LNG terminals 3.5 billion more expensive than planned – economy

Acquisition and maintenance of floating liquefied natural gas terminals cost Germany at least three and a half billion euros more than planned. A total of around 6.56 billion euros in budget funds are currently planned, the Federal Ministry of Economics said on Sunday when asked by the Reuters news agency, thus confirming one mirror-Report.

In the budget for 2022, 2.94 billion euros were estimated. The increase was “necessary due to the dynamically developing situation,” it said. The Budget Committee of the Bundestag has just approved additional money for the terminals. “In the meantime, further costs have been determined in extensive consultations with numerous stakeholders and initially forecast costs have been specified,” says the ministry. This affects, for example, operating costs and costs for additional infrastructure measures on land.

According to the ministry, the construction of the terminals is essential for energy security. “In particular, the reduction and then the cessation of Russian gas supplies make them absolutely necessary.” Germany does not yet have its own landing terminals. “But this new infrastructure is important for increasing pension provision and diversification,” it said.

From documents of the budget committee goes the mirror also revealed that two of the terminals had to be chartered for 15 years instead of the 10 years originally planned. Germany has therefore negotiated the option of shortening the period to ten years, but must decide on this next year. “The traffic light coalition has made itself open to blackmail with the no alternative use of LNG gas and now has to pay billions more,” left-wing budget politician Victor Perli told the magazine. The Green budget politician Sven Christian Kindler said: “In the short term, the gas supply must be secured, but we must be careful not to create any fossil overcapacities for the future. We need more clarity in the budget committee about the costs and risks of the LNG projects.”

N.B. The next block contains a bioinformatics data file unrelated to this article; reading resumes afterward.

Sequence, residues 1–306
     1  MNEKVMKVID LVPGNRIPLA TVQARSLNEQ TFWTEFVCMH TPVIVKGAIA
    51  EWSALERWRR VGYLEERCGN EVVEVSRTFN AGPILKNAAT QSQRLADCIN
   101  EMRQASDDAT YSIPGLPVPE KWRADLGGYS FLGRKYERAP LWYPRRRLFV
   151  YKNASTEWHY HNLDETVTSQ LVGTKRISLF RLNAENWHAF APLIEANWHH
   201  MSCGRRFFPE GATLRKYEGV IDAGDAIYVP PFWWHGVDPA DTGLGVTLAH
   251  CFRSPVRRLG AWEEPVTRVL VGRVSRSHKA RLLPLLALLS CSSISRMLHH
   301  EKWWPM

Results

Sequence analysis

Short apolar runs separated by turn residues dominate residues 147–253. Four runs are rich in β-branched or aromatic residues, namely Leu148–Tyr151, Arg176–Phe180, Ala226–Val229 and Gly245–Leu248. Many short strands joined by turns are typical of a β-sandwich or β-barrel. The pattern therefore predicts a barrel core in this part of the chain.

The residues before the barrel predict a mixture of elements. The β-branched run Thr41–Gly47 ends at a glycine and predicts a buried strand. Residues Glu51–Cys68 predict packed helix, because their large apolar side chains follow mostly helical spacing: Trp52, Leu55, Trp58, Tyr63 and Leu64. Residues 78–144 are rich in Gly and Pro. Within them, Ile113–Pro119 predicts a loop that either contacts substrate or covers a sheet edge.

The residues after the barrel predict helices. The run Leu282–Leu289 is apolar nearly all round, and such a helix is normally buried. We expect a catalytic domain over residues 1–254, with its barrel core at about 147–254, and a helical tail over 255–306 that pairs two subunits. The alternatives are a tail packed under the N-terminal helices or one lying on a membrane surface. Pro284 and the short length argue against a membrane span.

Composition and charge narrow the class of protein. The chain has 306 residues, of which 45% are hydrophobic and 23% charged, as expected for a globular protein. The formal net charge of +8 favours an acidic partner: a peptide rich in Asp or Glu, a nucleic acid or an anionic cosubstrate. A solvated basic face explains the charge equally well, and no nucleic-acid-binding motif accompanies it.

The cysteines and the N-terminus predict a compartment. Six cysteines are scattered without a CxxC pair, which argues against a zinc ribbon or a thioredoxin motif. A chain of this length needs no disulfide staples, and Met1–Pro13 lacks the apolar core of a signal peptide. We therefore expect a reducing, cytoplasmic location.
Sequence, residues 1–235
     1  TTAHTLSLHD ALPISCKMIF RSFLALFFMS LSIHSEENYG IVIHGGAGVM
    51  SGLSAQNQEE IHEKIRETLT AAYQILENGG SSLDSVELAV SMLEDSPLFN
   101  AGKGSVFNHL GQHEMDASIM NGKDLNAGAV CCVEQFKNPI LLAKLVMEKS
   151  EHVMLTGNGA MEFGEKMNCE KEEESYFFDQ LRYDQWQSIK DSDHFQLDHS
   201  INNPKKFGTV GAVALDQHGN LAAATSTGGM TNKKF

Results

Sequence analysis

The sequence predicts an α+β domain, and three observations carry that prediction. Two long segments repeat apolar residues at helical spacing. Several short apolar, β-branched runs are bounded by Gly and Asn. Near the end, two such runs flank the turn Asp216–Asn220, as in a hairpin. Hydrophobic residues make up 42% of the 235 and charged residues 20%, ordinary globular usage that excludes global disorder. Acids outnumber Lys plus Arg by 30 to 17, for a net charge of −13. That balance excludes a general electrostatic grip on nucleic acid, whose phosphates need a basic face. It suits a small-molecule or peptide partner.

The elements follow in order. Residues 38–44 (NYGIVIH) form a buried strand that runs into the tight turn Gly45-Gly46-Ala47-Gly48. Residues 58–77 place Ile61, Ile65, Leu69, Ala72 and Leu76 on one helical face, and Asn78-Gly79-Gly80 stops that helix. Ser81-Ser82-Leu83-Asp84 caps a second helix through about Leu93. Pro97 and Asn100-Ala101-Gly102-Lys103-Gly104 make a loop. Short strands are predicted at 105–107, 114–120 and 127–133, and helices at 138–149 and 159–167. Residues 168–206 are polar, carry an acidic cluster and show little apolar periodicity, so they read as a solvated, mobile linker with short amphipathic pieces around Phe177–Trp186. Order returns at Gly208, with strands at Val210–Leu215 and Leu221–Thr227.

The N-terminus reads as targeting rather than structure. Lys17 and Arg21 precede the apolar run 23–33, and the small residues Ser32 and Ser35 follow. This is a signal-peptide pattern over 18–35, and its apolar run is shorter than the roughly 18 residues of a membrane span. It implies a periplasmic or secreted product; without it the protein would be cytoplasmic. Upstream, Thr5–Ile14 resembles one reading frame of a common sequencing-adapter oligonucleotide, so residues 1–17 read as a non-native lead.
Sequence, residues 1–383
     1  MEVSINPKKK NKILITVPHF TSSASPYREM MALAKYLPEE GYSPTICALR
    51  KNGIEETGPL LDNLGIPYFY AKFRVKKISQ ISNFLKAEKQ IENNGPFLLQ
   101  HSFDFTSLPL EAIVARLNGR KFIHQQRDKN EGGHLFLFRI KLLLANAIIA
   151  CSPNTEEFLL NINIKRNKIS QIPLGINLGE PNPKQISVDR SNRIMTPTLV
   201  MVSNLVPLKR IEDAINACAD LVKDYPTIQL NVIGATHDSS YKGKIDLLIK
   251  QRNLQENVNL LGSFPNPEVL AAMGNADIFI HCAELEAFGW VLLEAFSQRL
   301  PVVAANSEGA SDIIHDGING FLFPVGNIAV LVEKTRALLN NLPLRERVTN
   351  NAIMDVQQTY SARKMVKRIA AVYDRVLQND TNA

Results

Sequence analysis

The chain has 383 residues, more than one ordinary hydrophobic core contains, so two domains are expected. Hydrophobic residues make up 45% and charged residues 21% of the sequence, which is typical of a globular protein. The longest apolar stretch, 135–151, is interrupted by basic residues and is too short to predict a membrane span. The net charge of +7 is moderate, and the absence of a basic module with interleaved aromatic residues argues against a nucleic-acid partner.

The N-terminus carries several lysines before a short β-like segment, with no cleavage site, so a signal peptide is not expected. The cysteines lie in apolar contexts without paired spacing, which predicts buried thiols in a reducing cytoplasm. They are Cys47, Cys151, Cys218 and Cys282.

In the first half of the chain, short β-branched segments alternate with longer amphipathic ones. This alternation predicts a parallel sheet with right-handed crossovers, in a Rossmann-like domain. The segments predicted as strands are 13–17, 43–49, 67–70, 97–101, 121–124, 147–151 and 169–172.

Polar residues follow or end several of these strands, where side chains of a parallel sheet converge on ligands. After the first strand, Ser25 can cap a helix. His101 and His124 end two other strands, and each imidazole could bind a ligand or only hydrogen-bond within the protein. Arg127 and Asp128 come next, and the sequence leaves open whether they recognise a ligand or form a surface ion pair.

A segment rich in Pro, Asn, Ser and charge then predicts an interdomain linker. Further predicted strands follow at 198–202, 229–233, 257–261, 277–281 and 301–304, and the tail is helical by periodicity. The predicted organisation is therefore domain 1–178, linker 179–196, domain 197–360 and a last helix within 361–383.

Federal Minister of Economics Robert Habeck had praised the construction of the first German terminal for liquefied natural gas (LNG) within 200 days as a central building block for energy security. “Germany can be fast and advance infrastructure projects with great determination if the federal and state governments and those involved in the project pull together,” he said on Tuesday when the floating terminal in Wilhelmshaven was completed. A second terminal is also scheduled to go into operation in Brunsbüttel at the turn of the year. According to the plans, another private terminal will also be ready in Lubmin. Since two more terminals are due to be completed in the following winter of 2023/2024, the five terminals could then cover around a third of German gas requirements based on consumption in 2021. However, about 50 percent had come from Russia via pipeline in recent years. The gap is to be filled primarily through gas savings of around 20 percent.

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